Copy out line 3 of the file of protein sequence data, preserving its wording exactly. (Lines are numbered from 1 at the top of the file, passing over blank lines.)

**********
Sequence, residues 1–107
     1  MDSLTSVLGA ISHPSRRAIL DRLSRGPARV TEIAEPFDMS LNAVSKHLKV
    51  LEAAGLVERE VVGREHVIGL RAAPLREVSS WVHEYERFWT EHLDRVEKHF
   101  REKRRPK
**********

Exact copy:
    51  LEAAGLVERE VVGREHVIGL RAAPLREVSS WVHEYERFWT EHLDRVEKHF